Preferred building technique requires that the first layer of the part be sticky on both sides. This requirement is satisfied by coating the top of the first layer with a commercial spray adhesive.
This software is used to generate cross sections from the model, create plot files, and organize the cutting and assembly process. ZWSLICE provides the following capabilities:
Load and view Stereolithography format files (3D models).
Select layer orientation and preview part sliced in this orientation.
Automatically decompose part into thick layers, and arrange to cover the full sheet of construction material.
Allow operator to choose whether each thick layer will be built from bottom up or top down. (Mirror function)
Slice this array of thick layers into thin slices which are the same thickness as the construction material.
Generate HPGL plot files for each sheet of construction material including part cross sections (slices) and any necessary registration holes.
Display each cross section individually.
Display the complete plot file for each construction sheet.
Interact with operator to plot any or all of the sheets.
Store plot files for future use.
Registration system for alignment of layers:
The registration system, generally 100, shown in FIGS. 12a and 12b allows a variety of registration options:
Corner Box alignment. As shown by FIGS. 13a and 13b, if the construction sheets 38 are carefully aligned in the plotter, the cross sections will be accurately registered to the edges of the construction sheet. Sequential sheets are aligned by aligning two edges of each sheet with the guide mils 101, 102 of the corner box, generally 104.
Registration holes outside part. FIGS. 14a and 14b illustrate an arrangement in which one or more holes 42 placed outside the part 106 can be used with guide pins 52 to register sequential sheets 38.
Registration holes in part. FIGS. 15a and 15b illustrate the manner in which cross section slice 39 alignment can be assured for parts having appropriate geometry by generating two registration holes 108 passing completely through each part. Sequential layers are guided by registration pins 110 extending from a pin plate 112 mounted in a recess in the platform 114, as shown.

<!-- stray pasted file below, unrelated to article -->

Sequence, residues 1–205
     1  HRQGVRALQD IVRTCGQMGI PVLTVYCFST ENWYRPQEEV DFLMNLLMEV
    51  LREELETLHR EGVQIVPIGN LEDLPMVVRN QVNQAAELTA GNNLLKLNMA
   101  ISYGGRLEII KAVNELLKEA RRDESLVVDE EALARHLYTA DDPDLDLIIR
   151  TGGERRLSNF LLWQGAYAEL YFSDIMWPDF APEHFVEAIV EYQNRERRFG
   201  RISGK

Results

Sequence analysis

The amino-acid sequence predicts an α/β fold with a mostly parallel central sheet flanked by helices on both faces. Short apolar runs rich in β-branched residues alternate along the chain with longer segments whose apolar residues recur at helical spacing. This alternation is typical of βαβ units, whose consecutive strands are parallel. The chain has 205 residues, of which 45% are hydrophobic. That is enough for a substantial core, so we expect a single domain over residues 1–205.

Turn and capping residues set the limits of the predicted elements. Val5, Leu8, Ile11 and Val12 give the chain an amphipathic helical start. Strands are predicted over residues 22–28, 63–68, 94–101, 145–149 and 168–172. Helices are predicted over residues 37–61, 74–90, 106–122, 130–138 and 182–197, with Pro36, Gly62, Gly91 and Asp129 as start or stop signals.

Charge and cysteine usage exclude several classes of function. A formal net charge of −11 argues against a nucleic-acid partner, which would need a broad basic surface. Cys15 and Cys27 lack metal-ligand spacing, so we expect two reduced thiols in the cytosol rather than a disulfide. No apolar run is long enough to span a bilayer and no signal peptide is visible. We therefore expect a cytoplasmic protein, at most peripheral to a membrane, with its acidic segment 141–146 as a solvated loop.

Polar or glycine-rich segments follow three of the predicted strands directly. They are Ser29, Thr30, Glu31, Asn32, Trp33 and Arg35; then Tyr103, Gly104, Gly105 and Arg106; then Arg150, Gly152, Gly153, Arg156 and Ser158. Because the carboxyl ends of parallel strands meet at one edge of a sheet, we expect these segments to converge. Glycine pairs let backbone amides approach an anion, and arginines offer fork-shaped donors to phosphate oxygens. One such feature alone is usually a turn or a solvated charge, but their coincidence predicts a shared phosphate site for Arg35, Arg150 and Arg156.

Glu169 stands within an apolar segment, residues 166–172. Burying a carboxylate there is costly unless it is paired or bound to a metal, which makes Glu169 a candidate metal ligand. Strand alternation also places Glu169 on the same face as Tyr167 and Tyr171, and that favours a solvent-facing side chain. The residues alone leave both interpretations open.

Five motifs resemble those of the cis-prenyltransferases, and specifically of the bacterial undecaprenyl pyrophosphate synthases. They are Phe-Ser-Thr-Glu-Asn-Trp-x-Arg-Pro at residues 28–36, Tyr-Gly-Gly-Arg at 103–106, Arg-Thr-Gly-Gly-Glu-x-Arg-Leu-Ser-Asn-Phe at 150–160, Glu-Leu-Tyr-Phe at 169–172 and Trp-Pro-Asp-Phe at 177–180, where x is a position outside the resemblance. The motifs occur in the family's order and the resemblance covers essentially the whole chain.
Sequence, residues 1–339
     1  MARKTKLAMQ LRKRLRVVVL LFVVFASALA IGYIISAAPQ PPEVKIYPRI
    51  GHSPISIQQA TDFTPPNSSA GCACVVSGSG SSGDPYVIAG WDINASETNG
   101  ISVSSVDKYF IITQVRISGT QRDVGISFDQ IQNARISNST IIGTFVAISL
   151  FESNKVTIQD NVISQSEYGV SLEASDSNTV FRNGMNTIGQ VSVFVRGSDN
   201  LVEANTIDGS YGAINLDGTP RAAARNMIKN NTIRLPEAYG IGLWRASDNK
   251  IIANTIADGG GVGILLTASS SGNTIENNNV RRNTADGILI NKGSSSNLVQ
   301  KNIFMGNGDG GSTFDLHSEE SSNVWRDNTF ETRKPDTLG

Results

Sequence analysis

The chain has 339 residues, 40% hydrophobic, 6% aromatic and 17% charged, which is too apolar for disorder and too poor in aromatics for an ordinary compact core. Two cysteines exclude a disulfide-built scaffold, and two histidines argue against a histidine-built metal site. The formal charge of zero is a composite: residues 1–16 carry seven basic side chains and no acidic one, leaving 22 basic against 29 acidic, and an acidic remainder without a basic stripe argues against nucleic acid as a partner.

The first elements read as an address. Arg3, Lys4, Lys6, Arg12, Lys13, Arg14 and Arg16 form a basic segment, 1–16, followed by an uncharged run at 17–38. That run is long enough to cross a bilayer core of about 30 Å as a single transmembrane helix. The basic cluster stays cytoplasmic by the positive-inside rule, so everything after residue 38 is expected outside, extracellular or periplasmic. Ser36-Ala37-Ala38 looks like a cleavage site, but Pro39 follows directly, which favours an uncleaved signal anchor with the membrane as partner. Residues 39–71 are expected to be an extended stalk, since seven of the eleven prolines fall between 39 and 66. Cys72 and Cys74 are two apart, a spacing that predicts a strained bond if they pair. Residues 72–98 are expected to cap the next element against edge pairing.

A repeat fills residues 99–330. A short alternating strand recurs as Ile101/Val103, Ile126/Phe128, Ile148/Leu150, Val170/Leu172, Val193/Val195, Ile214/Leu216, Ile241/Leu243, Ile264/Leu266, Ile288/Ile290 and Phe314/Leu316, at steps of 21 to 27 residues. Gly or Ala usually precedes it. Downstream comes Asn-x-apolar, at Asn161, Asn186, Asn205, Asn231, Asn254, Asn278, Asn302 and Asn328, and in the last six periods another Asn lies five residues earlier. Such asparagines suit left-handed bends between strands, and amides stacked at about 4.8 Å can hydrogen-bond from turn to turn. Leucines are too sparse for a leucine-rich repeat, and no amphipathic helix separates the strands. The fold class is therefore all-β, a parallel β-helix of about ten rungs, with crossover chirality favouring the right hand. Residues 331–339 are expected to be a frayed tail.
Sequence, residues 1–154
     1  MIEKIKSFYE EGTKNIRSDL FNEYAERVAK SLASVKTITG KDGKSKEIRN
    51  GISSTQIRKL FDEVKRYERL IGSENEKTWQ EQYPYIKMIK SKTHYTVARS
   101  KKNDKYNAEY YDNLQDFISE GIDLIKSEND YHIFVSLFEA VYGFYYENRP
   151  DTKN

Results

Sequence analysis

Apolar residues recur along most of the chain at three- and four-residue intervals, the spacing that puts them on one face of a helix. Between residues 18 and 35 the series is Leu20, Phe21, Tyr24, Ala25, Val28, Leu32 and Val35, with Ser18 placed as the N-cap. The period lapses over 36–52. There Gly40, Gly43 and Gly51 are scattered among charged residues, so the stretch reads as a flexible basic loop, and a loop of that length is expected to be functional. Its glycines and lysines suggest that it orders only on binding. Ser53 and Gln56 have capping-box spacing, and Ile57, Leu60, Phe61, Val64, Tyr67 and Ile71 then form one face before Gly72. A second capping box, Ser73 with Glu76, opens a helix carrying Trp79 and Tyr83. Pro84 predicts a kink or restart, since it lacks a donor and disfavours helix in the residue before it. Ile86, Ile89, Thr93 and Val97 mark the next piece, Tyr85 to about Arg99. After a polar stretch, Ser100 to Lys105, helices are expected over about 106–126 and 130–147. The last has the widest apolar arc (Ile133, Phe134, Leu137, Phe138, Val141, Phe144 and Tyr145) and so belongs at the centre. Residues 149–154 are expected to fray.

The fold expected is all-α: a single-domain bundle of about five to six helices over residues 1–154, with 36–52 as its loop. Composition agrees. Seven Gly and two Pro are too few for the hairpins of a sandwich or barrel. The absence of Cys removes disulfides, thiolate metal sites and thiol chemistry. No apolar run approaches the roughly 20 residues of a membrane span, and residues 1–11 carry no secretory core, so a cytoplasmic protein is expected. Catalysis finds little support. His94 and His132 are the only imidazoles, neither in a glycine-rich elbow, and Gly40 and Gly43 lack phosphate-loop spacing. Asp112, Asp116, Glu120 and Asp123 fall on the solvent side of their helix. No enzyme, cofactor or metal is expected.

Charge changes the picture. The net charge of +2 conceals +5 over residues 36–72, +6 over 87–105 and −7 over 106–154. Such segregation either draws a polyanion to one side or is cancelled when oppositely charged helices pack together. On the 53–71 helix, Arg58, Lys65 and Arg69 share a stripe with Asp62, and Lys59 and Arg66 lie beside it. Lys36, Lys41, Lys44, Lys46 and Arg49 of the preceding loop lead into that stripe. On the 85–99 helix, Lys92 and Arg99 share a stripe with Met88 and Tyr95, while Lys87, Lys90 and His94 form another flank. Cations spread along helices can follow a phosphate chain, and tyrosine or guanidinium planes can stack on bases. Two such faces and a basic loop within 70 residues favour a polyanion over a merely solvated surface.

Surface coating material:
After construction, the parts are given a coating to increase the rigidity of the parts, prevent layer delamination, and cover areas where the adhesive is exposed. Carpenter's glue thinned with tap water is useful for this purpose.
To utilize this device, the operator begins with a 3D model generated with a 3D CAD software. The file is stored in Stereolithography format. Using ZWSLICE, the file is loaded and viewed. The operator is prompted to select a slice orientation, and subsequently the part is displayed, sliced in this orientation, to verify the operator's selection. Changes are allowed at any time. When the operator is satisfied, the program evaluates the build area required for the part and then determines how many of these areas can be fit onto a single sheet (or page) of construction material.
The part is then automatically sliced into thick sections that occupy the maximum practical portion of surface area of the construction material. These thick sections are subsequently sliced into layers matching the construction material thickness, and a plot file is generated for each sheet of material required. Registration holes are automatically added to the plot file for sheet to sheet registration and for section to section (layer 36) registration. Each part cross section (slice 39) generated can be displayed to verify the intended result. The plot file (See FIG. 3) for each sheet of construction material can also be displayed.
When the operator is satisfied with the displayed information, the construction sheets can be cut. ZWSLICE prompts the operator in the operation of the plotter to generate all or any one of the construction sheets. Ideally, the plotter cutting pen is adjusted so that a single pass of the cutter cuts through the construction material but not the backing material. Registration holes 42, 58, 108 are cut completely through the backing material; e.g. by effecting multiple passes of the cutter.
The part is assembled on the build table by sequentially registering and bonding the layers. Each sheet 38 contains two registration holes 42 corresponding to the two permanent registration pins 42 on the build table 100. The first layer and the last layer may also contain registration holes 58, 108 for each layer 36 of parts that have been decomposed into sections. The build process proceeds as shown by FIGS. 16a and 16b.